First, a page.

There were angels everywhere. Also horses, cows, sheep, and shepherds. It was twenty minutes before the pageant, and our parish hall was teeming with excited children, posing with their halos, giving out hugs, munching on a sandwich or two. It looked like all heaven had come to earth. When it was all over, the mother of a one-year-old proudly informed me that her son had been not only a cow, but a free-range one, wandering all over the church in his brown and white spots.
Christmas pageants are funny things, combining ancient tradition with homespun gaiety. The first crèche was apparently the brainchild of St. Francis, but Christmas plays have to be older than that, dating back to the great Medieval cycles of mystery plays that reenacted the great stories of our faith for those who could not read them, or for those who could. It’s all about making the Word become flesh, by any means we can.
How all that became a tradition of dressing children as sheep, I have no idea, but it seems just right, doesn’t it? Because Christmas is about improbable transformations: the strange idea that the Creator of the world could enter it, that the power that spans the universes could become a helpless child, that we, who can barely manage to keep our own lives on track, could somehow climb through the flesh of that Baby and find there a ladder leading us back to God.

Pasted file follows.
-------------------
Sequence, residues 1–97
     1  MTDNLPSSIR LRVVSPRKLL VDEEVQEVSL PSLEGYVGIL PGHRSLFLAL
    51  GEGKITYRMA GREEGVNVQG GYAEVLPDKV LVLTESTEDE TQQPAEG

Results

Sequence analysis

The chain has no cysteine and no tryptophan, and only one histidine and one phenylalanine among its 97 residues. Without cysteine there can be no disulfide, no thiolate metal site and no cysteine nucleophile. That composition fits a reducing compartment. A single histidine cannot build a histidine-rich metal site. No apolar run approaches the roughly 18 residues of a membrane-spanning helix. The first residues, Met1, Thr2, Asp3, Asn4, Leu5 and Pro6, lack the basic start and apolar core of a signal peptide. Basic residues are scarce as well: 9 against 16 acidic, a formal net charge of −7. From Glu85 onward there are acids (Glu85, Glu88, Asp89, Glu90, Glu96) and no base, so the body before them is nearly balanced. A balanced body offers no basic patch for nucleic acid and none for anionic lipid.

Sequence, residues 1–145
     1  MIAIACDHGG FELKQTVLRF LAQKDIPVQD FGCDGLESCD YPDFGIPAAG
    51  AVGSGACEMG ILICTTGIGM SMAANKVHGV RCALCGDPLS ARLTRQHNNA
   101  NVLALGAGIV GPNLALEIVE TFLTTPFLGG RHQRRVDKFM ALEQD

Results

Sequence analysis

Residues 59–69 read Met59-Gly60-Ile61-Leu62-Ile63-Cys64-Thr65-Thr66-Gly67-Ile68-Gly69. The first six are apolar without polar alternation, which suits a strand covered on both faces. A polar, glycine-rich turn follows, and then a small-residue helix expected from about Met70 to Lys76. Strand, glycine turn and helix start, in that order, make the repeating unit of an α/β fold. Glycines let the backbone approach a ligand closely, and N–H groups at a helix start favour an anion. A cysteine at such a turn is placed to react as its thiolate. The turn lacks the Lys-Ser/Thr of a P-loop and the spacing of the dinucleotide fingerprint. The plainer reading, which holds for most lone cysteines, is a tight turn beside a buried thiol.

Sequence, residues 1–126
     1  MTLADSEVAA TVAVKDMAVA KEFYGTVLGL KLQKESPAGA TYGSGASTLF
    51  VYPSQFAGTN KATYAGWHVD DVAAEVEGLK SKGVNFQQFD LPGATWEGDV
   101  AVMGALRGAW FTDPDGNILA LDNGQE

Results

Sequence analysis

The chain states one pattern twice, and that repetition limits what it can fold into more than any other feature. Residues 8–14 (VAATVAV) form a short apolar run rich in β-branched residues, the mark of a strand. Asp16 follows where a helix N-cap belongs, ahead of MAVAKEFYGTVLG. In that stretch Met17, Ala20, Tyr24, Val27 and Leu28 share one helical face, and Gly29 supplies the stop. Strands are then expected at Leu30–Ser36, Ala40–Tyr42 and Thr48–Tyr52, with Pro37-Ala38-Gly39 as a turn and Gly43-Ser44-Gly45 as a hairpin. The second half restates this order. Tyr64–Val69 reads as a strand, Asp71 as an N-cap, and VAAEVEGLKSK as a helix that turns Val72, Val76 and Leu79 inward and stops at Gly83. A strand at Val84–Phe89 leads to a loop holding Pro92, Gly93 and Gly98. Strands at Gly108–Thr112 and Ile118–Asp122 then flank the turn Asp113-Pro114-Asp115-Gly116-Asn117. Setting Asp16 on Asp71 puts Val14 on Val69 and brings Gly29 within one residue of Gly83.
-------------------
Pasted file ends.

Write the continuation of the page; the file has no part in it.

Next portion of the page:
Each one of these marvels is more astonishing than a child in a tinsel halo, harder to believe than the angel’s proclamation of good tidings. But the children show us what faith is like, how we try on the attributes of holiness, playing at them like children until we can live into them for real.
I wonder whether that’s how Jesus felt when he became a child: stretching his hands and touching his toes like any baby, marveling at this flesh he had somehow put on, until he learned how to use it well.
The thing is, he did. And by his grace, so can we.
Thanks be to God, and have a very merry Christmas.